Stalk and capture insects walking or resting on surfaces. Diurnal hunters that do not spin webs. Front two pairs of legs are enlarged and extend beyond the side of their flattened body, making them look like tiny crabs. Their small eyes occur in two slightly curved rows, with the top row often much wider than the lower row. Over 200 species in North America.
Unlike mosquitoes, spiders do not seek people in order to bite them. Generally, a spider doesn’t try to bite a person unless it has been squeezed, lain on, or similarly provoked to defend itself. Moreover, the jaws of most spiders are so small that the fangs cannot penetrate the skin of an adult person. Sometimes when a spider is disturbed in its web, it may bite instinctively because it mistakenly senses that an insect has been caught.
The severity of a spider bite depends on factors such as the kind of spider, the amount of venom injected, and the age and health of the person bitten. A spider bite might cause no reaction at all, or it might result in varying amounts of itching, redness, stiffness, swelling, and pain—at worst, usually no more severe than a bee sting. Typically the symptoms persist from a few minutes to a few hours. Like reactions to bee stings, however, people vary in their responses to spider bites, so if the bite of any spider causes an unusual or severe reaction, such as increasing pain or extreme swelling, contact a physician, hospital, or poison control center (in California, the number is 1-800-222-1212).
Sometimes a person may not be aware of having been bitten until pain and other symptoms begin to develop. Other species of arthropods whose bites or stings may be mistaken for that of a spider include ticks, fleas, bees, wasps, bedbugs, mosquitoes, the conenose (kissing) bug, deer flies, horse flies, and water bugs.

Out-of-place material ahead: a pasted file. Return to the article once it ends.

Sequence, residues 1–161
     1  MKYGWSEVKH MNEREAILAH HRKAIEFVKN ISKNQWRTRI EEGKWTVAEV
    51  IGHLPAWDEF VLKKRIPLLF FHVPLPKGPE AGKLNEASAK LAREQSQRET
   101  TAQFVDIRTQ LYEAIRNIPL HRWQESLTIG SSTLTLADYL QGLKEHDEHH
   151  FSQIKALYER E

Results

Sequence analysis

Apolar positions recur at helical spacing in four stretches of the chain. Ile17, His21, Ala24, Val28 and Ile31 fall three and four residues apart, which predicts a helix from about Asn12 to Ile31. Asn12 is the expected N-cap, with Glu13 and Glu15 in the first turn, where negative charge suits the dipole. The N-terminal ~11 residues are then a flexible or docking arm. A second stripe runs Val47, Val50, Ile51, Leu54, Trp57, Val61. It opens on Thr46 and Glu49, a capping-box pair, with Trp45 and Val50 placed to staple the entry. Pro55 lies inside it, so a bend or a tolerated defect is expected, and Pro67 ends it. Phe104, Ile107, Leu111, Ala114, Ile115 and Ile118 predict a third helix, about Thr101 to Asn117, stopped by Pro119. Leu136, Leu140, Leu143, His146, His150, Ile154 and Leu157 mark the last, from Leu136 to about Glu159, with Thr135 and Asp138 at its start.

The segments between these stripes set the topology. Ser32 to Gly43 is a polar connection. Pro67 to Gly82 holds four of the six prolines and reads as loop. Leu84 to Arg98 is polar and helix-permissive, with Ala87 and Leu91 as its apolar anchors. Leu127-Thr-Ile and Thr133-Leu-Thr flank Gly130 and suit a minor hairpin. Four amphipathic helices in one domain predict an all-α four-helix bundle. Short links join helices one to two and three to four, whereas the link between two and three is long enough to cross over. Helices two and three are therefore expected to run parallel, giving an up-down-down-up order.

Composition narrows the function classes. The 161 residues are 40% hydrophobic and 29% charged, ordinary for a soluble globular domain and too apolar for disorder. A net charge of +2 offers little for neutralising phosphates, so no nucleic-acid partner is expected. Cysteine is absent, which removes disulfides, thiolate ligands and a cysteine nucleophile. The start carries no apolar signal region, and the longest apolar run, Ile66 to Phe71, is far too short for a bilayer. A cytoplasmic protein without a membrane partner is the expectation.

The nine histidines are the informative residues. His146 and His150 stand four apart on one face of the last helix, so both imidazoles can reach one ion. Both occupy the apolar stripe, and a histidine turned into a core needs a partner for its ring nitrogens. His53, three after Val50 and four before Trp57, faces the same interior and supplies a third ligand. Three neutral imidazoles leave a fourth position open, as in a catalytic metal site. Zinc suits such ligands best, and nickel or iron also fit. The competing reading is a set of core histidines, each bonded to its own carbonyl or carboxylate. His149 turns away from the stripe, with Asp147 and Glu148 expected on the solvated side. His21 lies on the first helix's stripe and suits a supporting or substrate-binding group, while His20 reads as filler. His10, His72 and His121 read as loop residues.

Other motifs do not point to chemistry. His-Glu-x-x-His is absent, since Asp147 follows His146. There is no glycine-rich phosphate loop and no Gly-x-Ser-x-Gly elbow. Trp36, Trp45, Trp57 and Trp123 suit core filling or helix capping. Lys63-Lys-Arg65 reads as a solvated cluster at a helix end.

For first aid treatment of a spider bite, wash the bite, apply an antiseptic to prevent infection, and use ice or ice water to reduce swelling and discomfort. Bites or stings from a variety of arthropods can result in an itching wound. Rather than scratching, if necessary, try to relieve the itch with medication. Scratching can break the skin and introduce bacterial infection, which you or even a physician may mistake for an arachnid bite. If you receive a bite that causes an unusual or severe reaction, contact a physician. If you catch the critter in the act, save it for identification, preserve it (or whatever parts of it remain), and take it to your county UC Cooperative Extension office. If no one there can identify it, ask that it be forwarded to a qualified arachnologist.
Black Widow Spider
The black widow spider, is the most common harmful spider in California. Venom from its bite can cause reactions ranging from mild to painful and serious, but death is very unlikely and many symptoms can be alleviated if medical treatment is obtained. Anyone bitten by this spider should remain calm and promptly seek medical advice; it is helpful if the offending spider can be caught and saved for identification.
The typical adult female black widow has a shiny black body, slender black legs, and a red or orange mark in the shape of an hourglass on the underside of the large, round abdomen. The body, excluding legs, is 5/16 to 5/8 inch long. Only the larger immature female and adult female spiders are able to bite through a person’s skin and inject enough venom to cause a painful reaction.